The catecholaminergic cell groups of the brainstem play an important role in the regulation of motivated behavior, including reproductive behavior. In songbirds, these cell groups project to telencephalic nuclei involved in singing and contain steroid hormone receptors, implicating them in the seasonal regulation of song. Whether these nuclei are involved in the activation of song on a short-term, moment-to-moment basis is unknown. In this study, free-living male song sparrows (Melospiza melodia) were subjected to simulated territorial intrusion (STI), which stimulates territorial singing. The resulting fos-like immunoreactivity (FLI) was quantified in two HVc- and RA-projecting catecholaminergic regions of the brainstem: the area ventralis of Tsai (AVT) and the midbrain central gray (GCt). Males subjected to STI showed more FLI in both of these regions than control males. In addition, FLI in both nuclei was correlated positively with the number of songs sung in response to STI. The number of flights directed at the intruder was correlated with FLI in AVT but not GCt. These results suggest a role for AVT and GCt, and thus possibly catecholamines, in the regulation of territorial behavior in songbirds.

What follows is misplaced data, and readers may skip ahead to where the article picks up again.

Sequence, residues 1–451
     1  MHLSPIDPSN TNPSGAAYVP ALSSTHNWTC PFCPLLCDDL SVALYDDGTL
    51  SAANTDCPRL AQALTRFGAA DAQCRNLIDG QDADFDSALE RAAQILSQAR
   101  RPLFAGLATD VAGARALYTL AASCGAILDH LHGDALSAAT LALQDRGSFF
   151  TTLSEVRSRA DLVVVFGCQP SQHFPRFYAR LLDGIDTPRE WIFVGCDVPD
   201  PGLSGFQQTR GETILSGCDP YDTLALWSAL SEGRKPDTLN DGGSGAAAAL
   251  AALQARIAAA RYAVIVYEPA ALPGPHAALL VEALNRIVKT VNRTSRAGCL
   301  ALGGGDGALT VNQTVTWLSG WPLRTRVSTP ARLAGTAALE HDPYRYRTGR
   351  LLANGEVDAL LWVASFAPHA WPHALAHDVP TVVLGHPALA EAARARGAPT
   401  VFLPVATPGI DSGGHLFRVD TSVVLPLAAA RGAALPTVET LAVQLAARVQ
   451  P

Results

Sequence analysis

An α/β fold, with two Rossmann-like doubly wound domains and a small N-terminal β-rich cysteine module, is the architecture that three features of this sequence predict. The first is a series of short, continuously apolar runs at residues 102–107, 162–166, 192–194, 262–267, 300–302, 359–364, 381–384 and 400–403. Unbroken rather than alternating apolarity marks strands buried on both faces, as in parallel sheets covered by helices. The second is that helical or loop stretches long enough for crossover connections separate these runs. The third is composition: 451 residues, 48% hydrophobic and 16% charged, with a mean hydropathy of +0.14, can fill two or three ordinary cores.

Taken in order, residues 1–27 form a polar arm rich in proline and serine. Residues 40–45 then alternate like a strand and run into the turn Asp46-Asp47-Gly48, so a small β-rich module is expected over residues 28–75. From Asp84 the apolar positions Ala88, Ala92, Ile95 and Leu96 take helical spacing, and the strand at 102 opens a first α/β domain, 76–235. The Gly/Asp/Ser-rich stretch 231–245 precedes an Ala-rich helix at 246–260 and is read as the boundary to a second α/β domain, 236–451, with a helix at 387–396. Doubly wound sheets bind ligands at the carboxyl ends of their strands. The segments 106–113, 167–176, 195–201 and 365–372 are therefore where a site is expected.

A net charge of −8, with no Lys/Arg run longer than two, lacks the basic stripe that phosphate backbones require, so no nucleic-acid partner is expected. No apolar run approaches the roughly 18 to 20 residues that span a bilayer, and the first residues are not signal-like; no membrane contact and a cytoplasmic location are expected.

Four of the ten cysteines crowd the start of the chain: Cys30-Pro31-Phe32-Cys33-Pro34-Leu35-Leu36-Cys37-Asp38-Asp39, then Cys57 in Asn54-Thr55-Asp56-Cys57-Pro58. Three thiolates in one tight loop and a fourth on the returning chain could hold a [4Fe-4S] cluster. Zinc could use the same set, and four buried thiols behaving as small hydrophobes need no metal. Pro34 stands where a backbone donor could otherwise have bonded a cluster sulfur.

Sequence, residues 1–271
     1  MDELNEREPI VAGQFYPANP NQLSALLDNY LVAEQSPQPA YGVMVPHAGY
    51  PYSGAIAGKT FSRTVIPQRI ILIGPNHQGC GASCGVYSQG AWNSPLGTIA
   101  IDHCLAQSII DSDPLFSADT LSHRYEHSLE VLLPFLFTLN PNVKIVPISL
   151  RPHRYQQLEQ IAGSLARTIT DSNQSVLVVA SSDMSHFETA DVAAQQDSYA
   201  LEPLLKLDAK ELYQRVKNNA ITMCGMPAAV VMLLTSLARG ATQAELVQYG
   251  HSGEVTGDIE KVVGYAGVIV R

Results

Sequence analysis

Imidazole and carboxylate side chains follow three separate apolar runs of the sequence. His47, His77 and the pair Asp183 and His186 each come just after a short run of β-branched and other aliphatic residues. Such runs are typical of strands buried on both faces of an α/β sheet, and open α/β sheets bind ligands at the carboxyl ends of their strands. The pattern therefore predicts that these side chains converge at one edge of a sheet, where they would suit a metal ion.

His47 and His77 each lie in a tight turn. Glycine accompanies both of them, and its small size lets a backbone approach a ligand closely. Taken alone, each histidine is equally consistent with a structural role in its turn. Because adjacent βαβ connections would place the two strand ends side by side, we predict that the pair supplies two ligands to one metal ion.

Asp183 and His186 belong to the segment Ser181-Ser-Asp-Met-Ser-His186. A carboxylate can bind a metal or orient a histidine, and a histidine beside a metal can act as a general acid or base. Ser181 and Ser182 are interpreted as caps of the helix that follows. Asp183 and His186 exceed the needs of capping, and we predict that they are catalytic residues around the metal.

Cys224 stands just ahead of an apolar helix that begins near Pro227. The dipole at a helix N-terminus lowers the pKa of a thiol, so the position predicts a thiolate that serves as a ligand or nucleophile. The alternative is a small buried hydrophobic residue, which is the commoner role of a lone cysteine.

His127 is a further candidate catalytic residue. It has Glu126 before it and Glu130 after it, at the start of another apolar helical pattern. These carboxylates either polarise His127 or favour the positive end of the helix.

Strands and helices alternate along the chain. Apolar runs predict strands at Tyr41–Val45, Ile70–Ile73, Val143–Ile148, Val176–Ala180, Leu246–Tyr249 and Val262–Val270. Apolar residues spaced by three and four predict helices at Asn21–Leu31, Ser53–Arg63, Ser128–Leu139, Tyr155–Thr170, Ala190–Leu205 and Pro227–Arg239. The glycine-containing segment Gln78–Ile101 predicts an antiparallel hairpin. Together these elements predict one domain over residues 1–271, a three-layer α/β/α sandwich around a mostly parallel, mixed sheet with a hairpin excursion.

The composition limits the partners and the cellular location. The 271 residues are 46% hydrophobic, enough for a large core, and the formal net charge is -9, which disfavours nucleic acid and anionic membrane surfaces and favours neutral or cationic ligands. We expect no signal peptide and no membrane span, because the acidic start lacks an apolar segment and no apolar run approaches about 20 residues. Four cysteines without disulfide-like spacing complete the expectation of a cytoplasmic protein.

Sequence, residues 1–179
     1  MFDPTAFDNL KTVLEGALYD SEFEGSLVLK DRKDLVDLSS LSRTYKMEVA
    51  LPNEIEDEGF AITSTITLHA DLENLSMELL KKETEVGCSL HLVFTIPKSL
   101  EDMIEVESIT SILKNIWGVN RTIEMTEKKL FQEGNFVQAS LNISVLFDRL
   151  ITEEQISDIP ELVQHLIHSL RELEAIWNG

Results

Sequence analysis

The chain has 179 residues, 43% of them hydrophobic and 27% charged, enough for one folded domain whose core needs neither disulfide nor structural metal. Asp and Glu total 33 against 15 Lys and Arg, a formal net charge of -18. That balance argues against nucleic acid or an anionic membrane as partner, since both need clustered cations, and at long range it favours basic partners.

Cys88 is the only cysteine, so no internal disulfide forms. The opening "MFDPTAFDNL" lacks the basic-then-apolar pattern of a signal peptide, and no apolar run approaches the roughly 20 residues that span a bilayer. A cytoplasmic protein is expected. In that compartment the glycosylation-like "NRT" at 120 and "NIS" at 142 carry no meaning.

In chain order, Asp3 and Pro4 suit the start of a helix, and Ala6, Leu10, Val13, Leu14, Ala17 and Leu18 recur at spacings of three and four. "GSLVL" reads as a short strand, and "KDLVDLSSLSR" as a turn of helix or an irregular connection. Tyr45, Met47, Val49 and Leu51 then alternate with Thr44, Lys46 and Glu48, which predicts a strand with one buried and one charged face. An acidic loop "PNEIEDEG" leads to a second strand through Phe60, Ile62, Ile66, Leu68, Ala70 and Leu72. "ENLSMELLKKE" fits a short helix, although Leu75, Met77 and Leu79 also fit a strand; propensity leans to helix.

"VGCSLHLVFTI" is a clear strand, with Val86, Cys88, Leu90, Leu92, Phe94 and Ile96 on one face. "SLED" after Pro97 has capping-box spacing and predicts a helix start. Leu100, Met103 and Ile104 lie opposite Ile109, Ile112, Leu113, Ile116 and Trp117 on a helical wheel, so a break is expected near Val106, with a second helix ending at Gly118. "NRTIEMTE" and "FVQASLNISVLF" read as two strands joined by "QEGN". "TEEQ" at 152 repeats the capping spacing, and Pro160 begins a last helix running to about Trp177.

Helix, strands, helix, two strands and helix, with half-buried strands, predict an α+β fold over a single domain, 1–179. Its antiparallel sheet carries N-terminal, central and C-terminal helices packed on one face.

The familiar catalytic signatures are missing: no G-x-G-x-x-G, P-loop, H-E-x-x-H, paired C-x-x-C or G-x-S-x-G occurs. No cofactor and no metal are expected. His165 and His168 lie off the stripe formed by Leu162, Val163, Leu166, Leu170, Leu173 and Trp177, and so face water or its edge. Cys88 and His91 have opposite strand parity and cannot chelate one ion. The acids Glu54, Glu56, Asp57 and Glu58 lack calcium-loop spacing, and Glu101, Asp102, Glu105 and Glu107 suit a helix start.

- Tyrosine hydroxylase
- Ventral tegmental area
ASJC Scopus subject areas
- Cellular and Molecular Neuroscience